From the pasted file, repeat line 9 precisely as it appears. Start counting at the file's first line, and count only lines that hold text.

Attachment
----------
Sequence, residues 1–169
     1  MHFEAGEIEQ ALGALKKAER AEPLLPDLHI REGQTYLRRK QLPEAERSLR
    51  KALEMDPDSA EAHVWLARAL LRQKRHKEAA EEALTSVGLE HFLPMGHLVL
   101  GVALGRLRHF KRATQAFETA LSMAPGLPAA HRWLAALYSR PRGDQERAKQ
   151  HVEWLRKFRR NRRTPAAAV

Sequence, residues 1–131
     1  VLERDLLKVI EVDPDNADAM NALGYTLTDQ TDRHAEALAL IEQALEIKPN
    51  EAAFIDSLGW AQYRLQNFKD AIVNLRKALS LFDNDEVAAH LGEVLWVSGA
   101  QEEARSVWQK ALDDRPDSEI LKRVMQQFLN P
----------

   101  QEEARSVWQK ALDDRPDSEI LKRVMQQFLN P